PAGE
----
A new study by George Mason University Communication Professor Xiaoquan Zhao suggests that watching television has no significant impact on viewers' knowledge about the issue of climate change. Reading newspapers and using the web, however, seem to contribute to people's knowledge about this issue.
The study, "Media Use and Global Warming Perceptions: A Snapshot of the Reinforcing Spirals", looked at the relationship between media use and people's perceptions of global warming. The study asked participants how often they watch TV, surf the Web, and read newspapers. They were also asked about their concern and knowledge of global warming and specifically its impact on the polar regions.
"Unlike many other social issues with which the public may have first-hand experience, global warming is an issue that many come to learn about through the media," says Zhao. "The primary source of mediated information about global warming is the news."
The results showed that people who read newspapers and use the Internet more often are more likely to be concerned about global warming and believe they are better educated about the subject. Watching more television, however, did not seem to help.
He also found that individuals concerned about global warming are more likely to seek out information on this issue from a variety of media and nonmedia sources. Other forms of media, such as the Oscar-winning documentary "The Inconvenient Truth" and the blockbuster thriller "The Day After Tomorrow," have played important roles in advancing the public's interest in this domain.
Politics also seemed to have an influence on people’s perceptions about the science of global warming. Republicans are more likely to believe that scientists are still debating the existence and human causes of global warming, whereas Democrats are more likely to believe that a scientific consensus has already been achieved on these matters.
"Some media forms have clear influence on people's perceived knowledge of global warming, and most of it seems positive," says Zhao. "Future research should focus on how to harness this powerful educational function."
For a full copy of the paper, or to talk with Zhao, contact Tara Laskowski, Public Relations Manager, 703-993-8815 or email@example.com.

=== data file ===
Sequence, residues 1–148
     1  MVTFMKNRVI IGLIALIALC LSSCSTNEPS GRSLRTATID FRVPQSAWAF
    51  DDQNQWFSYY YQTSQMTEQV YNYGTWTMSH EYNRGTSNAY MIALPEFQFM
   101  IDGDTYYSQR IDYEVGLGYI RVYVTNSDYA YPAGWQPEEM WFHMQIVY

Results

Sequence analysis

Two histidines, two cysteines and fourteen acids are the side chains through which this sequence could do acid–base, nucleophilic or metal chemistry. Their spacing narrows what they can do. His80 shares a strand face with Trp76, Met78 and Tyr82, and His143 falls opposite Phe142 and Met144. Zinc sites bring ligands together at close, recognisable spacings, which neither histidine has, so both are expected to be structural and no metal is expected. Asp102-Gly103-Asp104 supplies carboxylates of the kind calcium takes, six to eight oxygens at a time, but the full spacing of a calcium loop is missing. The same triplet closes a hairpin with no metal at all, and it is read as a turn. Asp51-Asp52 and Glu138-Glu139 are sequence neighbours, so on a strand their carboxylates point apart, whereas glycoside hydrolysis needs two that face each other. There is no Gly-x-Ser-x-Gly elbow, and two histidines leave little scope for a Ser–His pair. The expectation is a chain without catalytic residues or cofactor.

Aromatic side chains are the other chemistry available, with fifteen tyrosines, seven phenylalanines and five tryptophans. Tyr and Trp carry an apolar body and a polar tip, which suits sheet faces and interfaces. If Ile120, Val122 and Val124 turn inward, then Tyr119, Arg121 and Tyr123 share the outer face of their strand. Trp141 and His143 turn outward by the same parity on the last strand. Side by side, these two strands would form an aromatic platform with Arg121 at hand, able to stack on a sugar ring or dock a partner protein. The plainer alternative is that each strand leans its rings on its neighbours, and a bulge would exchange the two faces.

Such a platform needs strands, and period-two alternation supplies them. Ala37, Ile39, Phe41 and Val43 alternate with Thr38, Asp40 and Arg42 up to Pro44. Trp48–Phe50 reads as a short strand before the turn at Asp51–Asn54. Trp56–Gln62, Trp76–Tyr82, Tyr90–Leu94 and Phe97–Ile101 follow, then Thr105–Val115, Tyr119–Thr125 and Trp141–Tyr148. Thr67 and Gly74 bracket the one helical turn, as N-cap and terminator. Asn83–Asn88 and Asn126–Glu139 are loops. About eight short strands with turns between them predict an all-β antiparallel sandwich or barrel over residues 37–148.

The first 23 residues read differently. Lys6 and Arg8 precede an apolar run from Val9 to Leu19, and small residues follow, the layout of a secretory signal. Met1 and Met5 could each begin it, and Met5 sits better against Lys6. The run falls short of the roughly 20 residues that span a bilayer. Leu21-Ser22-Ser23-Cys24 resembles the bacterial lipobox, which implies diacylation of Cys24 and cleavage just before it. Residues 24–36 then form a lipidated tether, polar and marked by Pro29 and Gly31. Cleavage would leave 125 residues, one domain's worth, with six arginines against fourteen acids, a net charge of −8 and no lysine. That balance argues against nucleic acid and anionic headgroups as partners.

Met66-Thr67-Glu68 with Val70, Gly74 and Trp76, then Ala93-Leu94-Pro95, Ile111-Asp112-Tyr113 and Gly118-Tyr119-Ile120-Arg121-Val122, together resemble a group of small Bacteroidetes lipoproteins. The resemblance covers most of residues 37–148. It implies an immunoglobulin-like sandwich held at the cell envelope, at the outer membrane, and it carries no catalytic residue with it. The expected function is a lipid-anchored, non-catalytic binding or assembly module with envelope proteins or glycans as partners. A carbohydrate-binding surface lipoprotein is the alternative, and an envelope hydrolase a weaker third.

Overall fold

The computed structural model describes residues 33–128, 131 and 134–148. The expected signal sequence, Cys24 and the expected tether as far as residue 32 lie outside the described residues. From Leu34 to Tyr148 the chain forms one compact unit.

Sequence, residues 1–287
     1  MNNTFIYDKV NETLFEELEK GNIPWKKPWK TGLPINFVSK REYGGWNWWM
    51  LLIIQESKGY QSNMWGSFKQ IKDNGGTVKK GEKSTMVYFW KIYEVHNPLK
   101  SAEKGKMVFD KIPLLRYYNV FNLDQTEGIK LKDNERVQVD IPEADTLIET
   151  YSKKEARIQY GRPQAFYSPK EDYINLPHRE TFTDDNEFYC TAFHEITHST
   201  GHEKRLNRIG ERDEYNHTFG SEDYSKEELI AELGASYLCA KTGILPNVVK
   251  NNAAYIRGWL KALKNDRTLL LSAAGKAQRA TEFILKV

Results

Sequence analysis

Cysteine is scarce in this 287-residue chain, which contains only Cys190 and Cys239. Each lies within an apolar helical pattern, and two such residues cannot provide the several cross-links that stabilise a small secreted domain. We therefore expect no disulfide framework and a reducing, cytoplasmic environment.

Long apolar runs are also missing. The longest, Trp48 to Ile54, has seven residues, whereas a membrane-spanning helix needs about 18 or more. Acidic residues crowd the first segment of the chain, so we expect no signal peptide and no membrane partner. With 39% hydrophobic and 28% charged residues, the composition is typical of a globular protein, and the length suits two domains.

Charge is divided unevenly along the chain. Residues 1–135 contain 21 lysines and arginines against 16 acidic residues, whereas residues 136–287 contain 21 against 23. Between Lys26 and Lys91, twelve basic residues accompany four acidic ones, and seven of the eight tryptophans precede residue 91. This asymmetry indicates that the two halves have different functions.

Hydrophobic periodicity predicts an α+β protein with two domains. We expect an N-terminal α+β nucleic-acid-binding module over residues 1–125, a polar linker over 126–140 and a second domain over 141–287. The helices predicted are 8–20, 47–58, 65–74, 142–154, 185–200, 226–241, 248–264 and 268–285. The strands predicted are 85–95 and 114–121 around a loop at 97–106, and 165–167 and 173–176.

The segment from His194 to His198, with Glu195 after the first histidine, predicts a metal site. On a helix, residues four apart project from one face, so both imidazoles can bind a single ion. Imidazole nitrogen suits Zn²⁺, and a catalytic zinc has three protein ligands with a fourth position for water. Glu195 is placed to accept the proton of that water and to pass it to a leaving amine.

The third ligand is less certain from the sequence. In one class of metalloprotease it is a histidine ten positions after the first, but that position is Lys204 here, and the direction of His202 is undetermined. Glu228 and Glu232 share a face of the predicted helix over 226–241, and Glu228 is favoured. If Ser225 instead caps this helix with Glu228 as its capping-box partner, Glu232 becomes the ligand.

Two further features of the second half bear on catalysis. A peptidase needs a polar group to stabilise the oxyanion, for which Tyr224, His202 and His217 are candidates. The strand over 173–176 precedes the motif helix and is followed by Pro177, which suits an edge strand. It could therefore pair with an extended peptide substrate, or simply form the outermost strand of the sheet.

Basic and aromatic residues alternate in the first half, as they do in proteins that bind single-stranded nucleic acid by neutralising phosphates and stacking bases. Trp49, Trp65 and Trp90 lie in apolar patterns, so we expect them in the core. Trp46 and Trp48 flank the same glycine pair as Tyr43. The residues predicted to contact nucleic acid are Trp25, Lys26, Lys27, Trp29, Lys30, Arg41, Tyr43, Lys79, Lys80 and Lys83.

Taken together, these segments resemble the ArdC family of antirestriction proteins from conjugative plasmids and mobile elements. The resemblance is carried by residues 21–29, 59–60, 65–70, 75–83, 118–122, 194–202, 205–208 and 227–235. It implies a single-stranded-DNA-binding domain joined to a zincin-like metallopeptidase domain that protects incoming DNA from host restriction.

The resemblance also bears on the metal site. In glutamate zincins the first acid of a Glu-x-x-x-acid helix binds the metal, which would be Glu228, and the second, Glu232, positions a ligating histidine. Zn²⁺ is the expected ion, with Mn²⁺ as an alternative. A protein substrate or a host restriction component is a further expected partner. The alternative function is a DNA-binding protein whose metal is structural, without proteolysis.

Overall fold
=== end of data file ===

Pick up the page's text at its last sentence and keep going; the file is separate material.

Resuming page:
Tara Laskowski | EurekAlert!
Between filter bubbles, uneven visibility and transnationality
06.12.2017 | Schweizerischer Nationalfonds SNF
New Technologies for A/V Analysis and Search
13.04.2017 | Fraunhofer-Institut für Digitale Medientechnologie IDMT
MPQ scientists achieve long storage times for photonic quantum bits which break the lower bound for direct teleportation in a global quantum network.
Concerning the development of quantum memories for the realization of global quantum networks, scientists of the Quantum Dynamics Division led by Professor...
Researchers have developed a water cloaking concept based on electromagnetic forces that could eliminate an object's wake, greatly reducing its drag while...
Tiny pores at a cell's entryway act as miniature bouncers, letting in some electrically charged atoms--ions--but blocking others. Operating as exquisitely sensitive filters, these "ion channels" play a critical role in biological functions such as muscle contraction and the firing of brain cells.
To rapidly transport the right ions through the cell membrane, the tiny channels rely on a complex interplay between the ions and surrounding molecules,...
The miniaturization of the current technology of storage media is hindered by fundamental limits of quantum mechanics. A new approach consists in using so-called spin-crossover molecules as the smallest possible storage unit. Similar to normal hard drives, these special molecules can save information via their magnetic state. A research team from Kiel University has now managed to successfully place a new class of spin-crossover molecules onto a surface and to improve the molecule’s storage capacity. The storage density of conventional hard drives could therefore theoretically be increased by more than one hundred fold. The study has been published in the scientific journal Nano Letters.
Over the past few years, the building blocks of storage media have gotten ever smaller. But further miniaturization of the current technology is hindered by...
With innovative experiments, researchers at the Helmholtz-Zentrums Geesthacht and the Technical University Hamburg unravel why tiny metallic structures are extremely strong
Light-weight and simultaneously strong – porous metallic nanomaterials promise interesting applications as, for instance, for future aeroplanes with enhanced...
11.12.2017 | Event News
08.12.2017 | Event News
07.12.2017 | Event News
14.12.2017 | Health and Medicine
14.12.2017 | Physics and Astronomy
14.12.2017 | Life Sciences